The writer whom we are quoting goes on to relate how Abraham was cast into the fire but came forth safe and well. He concludes his narrative thus: "And it is recorded in Tradition that Abraham was preserved through saying, ‘God is sufficient for me 1,’ and ‘He is an excellent Guardian 2.’ God said, ‘O fire, become cool and safe unto Abraham 3.’"

We now proceed to compare with this narrative that which, is contained in the Midrash Rabba of the Jews There the tale runs thus 4:—

"Terah was a maker of idols. Once he went out somewhere, and seated Abraham as salesman in place of himself. A person would come, wishing to purchase, and Abraham would say to him, ‘How old art thou?’ and he (the other) would say to him, ‘Fifty’ or ‘Sixty years.’ And he (Abraham) would say unto him, ‘Woe to that man who is sixty years of age, and wisheth to worship a thing a few days old!’ And he (the other) would become ashamed and would go his way. Once a woman came, carrying in her hand a plate of wheaten flour. She said to him, ‘Here! set this before them.’ He arose, took a staff in his hand, and broke them all in pieces; then he gave the staff into the hand of the one that was biggest among them. When his father came, he said to him, ‘Who has done this unto them?’ He (Abraham) said to him, ‘What is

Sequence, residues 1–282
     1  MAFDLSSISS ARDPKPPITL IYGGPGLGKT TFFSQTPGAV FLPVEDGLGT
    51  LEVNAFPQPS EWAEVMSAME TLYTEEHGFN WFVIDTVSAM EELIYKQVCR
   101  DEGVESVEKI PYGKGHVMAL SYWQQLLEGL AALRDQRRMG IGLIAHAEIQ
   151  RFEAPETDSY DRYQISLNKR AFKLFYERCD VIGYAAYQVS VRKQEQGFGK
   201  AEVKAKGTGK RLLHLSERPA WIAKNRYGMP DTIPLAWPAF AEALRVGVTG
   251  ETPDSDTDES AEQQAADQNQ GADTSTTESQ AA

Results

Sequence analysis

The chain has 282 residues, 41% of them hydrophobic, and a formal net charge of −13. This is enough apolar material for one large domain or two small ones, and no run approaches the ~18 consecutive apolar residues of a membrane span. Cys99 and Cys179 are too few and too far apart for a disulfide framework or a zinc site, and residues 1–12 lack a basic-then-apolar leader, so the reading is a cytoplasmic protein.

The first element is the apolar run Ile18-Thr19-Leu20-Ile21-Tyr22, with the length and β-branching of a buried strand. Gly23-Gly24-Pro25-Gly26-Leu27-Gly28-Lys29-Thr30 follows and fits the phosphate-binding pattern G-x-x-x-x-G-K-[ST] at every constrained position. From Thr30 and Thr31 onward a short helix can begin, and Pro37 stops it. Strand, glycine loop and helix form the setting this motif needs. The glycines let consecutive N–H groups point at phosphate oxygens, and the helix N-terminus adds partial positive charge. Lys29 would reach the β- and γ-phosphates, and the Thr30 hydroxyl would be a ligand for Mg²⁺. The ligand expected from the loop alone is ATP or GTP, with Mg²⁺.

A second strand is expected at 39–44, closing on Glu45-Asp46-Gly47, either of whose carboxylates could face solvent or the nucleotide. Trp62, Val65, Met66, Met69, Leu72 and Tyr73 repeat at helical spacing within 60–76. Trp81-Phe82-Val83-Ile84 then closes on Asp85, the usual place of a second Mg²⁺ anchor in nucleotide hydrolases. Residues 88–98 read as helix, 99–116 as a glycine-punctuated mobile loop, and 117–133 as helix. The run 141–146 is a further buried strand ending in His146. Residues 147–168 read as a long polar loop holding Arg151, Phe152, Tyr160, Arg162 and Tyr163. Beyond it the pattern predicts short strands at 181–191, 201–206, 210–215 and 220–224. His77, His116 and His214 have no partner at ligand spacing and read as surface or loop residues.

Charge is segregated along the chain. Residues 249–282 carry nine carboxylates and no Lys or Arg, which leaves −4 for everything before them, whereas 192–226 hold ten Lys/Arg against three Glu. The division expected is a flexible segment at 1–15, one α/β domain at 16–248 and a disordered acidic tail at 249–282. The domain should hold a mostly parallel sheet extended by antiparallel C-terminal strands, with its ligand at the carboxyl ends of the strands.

1 Surah XXXIX., 39.
2 Surah III., 167.
3 Surah XXI., 69.
4 Midrash Rabba, Chapter xvii, in explanation of Gen. xv. 7.

hidden from thee? A woman came, bringing with her a plate of wheaten flour, and said to me, "Here! set this before them." I set it before them. This one said, "I shall eat first," and that one said, "I shall eat first." This one, which is the biggest among them, arose, took a staff, and broke them.’ He (the father) said to him, ‘Why dost thou tell me a fable? Do these understand?’ He (Abraham) said to him, ‘And do not thine ears hear what thy lip speaketh?’ He (Terah) seized him and delivered him over to Nimrod. He (Nimrod) said to him, ‘Let us worship the fire.’ Abraham said unto him, ‘And let us worship the waters which extinguish the fire.’ Nimrod said to him, ‘Let us worship the waters.’ He (Abraham) said to him, ‘If so, let us worship the cloud which brings the waters.’ He (Nimrod) said to him, ‘Let us worship the cloud.’ He (Abraham) said to him, ‘If so, let us worship the wind that drives away the cloud.’ He (Nimrod) said unto him, ‘Let us worship the wind.’ He (Abraham) said to him, ‘And let us worship man who resisteth the wind.’ ‘If thou bandiest words with me, lo! I worship naught but the fire; lo! I cast thee into the midst of it, and let the God whom thou worshippest come and deliver thee from it!’ Abraham went down into the furnace of fire and was delivered."

It is perfectly clear that the Muhammadan fable is directly borrowed from the Jewish though expanded by the addition of particulars due to Muham-